NCPA urges independents to use e-prescribing

November 7, 2005

Concerned that less than 1% of independent pharmacies belong to the SureScripts electronic prescribing network, the National Community Pharmacists Association has urged its members to get into the connectivity game.

Concerned that less than 1% of independent pharmacies belong to the SureScripts electronic prescribing network, the National Community Pharmacists Association has urged its members to get into the connectivity game.

More than 70% of chain drugstores are already able to receive electronic scripts from physicians and to send refill requests through SureScripts, the firm created by NCPA and the National Association of Chain Drug Stores. Lagging far behind their chain competitors, independents must join the e-prescribing network or bug their pharmacy system vendors to become certified by SureScripts so they can participate.

"We created [SureScripts] for you," said executive VP-CEO Bruce Roberts, R.Ph., at NCPA's recent annual meeting in Fort Lauderdale, Fla. "Your colleagues in the chains are already doing it. We cannot be disadvantaged. You must establish your connection so that you can continue to enhance the physician and pharmacist relationship and participate in the additional services and enhancements that will be built on this national infrastructure. Independent pharmacy must be in a position to participate."

Getting up to speed with SureScripts was one of three challenges presented to NCPA members by Roberts. He also urged attendees to join the Community CareRx pharmacy network to serve Medicare patients in the Part D program. One of 10 national Medicare drug plans, CCRx will pay pharmacists to provide medication therapy management (MTM) services. NCPA has also created another company, Community MTM, to offer a systematized approach to the delivery of MTM by community pharmacists to the Medicare program and commercial insurers. (For more on Community MTM.)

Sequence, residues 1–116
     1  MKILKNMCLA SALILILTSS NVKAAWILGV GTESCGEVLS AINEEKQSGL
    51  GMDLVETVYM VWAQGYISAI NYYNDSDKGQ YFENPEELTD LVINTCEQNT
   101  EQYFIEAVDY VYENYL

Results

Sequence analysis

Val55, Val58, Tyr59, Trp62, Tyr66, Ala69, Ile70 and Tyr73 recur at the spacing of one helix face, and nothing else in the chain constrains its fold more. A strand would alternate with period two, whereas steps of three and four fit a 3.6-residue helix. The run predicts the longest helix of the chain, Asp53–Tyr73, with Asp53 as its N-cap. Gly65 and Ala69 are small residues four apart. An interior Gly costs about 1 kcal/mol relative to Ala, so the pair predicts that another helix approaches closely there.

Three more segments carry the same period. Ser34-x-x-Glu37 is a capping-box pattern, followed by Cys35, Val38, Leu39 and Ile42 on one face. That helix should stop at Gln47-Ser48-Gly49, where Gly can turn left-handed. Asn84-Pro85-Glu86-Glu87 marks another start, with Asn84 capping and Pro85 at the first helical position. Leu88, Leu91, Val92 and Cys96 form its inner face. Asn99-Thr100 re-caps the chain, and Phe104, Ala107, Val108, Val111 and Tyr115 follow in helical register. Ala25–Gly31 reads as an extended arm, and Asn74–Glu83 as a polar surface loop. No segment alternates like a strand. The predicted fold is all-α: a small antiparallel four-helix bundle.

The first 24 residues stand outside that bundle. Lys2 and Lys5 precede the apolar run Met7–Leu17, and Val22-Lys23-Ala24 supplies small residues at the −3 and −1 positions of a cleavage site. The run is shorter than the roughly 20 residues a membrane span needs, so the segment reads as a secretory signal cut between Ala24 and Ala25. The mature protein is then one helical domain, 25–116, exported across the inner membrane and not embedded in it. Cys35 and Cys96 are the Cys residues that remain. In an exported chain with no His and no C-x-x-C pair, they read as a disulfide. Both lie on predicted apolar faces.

CCRx is an "opportunity in our hands, instead of a burden on our backs," said NCPA president Tony Welder, R.Ph., who owns the Dakota Pharmacy in Bismarck, N.D. "We're going to use Medicare Part D to change the way the public and private third-party payers look at the drug benefit and the way they look at pharmacy," he said. "We're going to offer them a new model that demonstrates exactly how valuable, how cost-effective, how essential each and every one of you is to this nation's drug delivery system."

A perennial thorn in the side of independents, the pharmacy benefit management industry took its usual lumps at the NCPA annual meeting. Roberts urged attendees to become politically active and write checks to the NCPA-PAC and Legislative Defense Fund to counteract the PBM campaign to tilt the Medicare Part D playing field toward mail order and to work for passage of the Community Pharmacy Fairness Act. The bill would permit independent pharmacies to collectively negotiate Rx contracts, something long opposed by PBMs.

"Enactment [of the bill] would be a tremendous step forward for community pharmacy in leveling the playing field with PBMs," Roberts said. "The PBMs and their trade association are fiercely opposing this legislation. The PBM lobby lacks credibility, but you don't. We need your participation and commitment."

In official action, delegates approved resolutions that directed NCPA to: